Irrelevant surely. The contracts for the mobiles are in the names of the
directors, payments made for the mobiles on behalf of the directors are
therefore taxeable benefits except to the extent that it can be proven that
call costs paid for by the company were allowable business expenses. AFAIR
no part of the line rental on private phones is an allowable expense.

The best thing to do would be to have the company take over the contracts on
the mobiles. You may be surprised how easy it is for even a newly formed
limited company to pass the credit checks required by mobile phone
companies.

Andy
 
S

Simon

Fred said:
Two mobile phones have been made available to two directors. However the
contracts are in their own personal names and not in the name of the
company. The contacts are being paid by DD directly from the company
account with the intention of them being "company" phones.

Does this make give them any tax liability?
IMHO Yes. Not only is their a risk of a tax liability, it is a pecuniary
liability and so NI is due. NI Regs are worse than tax.

S336 ITEPA 2003 formerly S198 ICTA 1988 says any cost that can be shown to
be wholly, necessarily incurred in the course of the duties can be claimed.
For NI, the expense has to be specific a distinct.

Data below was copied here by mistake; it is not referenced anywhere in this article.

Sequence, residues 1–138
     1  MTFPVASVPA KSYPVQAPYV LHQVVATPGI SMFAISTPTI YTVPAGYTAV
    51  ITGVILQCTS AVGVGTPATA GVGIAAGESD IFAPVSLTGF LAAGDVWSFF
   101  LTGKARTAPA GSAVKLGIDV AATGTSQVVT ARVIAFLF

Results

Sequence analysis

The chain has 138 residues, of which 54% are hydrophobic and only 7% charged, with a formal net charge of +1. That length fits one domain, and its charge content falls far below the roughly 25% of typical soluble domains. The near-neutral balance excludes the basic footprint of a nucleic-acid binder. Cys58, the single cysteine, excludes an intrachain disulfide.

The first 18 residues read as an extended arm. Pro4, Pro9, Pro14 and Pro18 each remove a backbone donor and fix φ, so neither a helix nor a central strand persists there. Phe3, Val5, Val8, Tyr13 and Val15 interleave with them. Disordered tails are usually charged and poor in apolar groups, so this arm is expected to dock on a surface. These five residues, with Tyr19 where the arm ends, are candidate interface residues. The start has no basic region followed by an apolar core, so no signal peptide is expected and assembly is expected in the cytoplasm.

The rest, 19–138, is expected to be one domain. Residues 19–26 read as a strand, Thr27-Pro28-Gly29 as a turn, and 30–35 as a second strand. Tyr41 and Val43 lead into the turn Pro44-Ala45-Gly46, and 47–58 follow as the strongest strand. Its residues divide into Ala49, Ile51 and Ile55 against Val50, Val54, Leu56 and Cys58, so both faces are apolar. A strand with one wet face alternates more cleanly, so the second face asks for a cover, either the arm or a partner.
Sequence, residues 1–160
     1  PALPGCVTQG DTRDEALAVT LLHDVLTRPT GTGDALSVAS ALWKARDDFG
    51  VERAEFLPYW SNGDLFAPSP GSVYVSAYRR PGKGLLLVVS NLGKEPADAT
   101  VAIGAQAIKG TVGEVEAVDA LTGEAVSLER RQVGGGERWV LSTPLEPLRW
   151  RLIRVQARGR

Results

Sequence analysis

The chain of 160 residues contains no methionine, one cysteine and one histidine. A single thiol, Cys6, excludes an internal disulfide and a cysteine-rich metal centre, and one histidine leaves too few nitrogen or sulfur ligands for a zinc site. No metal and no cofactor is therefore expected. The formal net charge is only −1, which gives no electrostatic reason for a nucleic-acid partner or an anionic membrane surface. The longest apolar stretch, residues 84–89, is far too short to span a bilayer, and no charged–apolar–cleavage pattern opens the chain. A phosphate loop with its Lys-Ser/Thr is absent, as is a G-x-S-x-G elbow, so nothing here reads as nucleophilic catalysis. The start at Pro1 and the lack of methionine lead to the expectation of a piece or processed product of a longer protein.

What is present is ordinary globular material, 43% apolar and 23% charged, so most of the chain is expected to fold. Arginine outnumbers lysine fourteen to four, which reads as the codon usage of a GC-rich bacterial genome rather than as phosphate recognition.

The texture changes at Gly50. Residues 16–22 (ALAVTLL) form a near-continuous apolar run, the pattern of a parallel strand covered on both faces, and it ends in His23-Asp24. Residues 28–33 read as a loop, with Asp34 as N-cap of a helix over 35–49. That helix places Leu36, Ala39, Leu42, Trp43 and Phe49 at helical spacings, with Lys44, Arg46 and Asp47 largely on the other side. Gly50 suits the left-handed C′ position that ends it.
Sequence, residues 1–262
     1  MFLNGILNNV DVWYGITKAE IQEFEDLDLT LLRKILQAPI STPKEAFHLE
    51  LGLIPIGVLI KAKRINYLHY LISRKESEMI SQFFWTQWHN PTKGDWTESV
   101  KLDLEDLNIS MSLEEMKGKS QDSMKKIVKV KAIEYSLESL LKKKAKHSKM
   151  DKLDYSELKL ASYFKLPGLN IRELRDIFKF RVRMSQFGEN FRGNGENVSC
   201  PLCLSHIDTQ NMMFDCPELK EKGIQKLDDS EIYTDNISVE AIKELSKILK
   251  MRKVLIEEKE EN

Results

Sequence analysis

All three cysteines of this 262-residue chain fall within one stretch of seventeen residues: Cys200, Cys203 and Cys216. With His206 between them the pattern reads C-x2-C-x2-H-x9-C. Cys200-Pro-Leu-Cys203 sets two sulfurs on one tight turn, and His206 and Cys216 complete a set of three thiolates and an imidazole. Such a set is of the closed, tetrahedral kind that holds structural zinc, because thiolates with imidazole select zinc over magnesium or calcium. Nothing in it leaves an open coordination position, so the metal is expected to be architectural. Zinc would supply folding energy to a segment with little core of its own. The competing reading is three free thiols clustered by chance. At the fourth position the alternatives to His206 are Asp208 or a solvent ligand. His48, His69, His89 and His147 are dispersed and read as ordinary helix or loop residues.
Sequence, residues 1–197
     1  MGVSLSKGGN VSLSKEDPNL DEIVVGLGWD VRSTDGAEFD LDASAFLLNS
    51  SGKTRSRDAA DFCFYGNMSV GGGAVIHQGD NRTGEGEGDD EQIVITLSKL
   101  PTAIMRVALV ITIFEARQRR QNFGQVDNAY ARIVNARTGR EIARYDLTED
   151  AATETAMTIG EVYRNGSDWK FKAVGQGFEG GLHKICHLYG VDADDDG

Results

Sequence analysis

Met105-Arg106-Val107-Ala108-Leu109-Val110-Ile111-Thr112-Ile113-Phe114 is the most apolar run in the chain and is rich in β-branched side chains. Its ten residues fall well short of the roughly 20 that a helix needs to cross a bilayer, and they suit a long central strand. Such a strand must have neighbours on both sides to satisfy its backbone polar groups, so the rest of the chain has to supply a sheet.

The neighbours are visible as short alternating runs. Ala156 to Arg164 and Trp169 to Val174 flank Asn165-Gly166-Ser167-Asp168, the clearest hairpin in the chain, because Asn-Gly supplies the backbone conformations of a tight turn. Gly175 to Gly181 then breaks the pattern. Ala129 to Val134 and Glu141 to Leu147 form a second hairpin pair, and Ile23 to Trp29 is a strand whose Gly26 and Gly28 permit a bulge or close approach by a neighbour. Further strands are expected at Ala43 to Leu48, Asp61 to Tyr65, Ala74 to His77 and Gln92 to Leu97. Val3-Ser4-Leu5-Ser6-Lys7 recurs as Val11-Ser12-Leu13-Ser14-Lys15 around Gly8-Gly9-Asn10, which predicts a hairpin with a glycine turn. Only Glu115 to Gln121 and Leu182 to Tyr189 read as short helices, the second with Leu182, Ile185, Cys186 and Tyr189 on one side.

If you get itemised calls and you can state which ones are business and
which private, then you can apportion the costs but is is worth it.

Get rid of the phones or dont use them for work. Get new lines contracted
for by the company and none of the above applies. No liability arises as
they are specifically exempted. Its just not worth the argument, paper work
and fees sorting it all out.

Simon
 
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R

Ronald Raygun

Andy said:
Irrelevant surely. The contracts for the mobiles are in the names of the
directors, payments made for the mobiles on behalf of the directors are
therefore taxeable benefits except to the extent that it can be proven
that call costs paid for by the company were allowable business expenses.
AFAIR no part of the line rental on private phones is an allowable
expense.

The best thing to do would be to have the company take over the contracts
on the mobiles. You may be surprised how easy it is for even a newly
formed limited company to pass the credit checks required by mobile phone
companies.
I don't think so. Surely what matters is who really pays for it, not
whose name the contract is in. If the director's "personal" contract
is wholly on behalf of the company, then there is no reason to assume
that they are in any way "private phones".

It's a similar distinction to that between legal and beneficial
ownership of something like a house.
 
S

Simon

Fred said:
Mobile phones provide by an employer are specifically exempt from any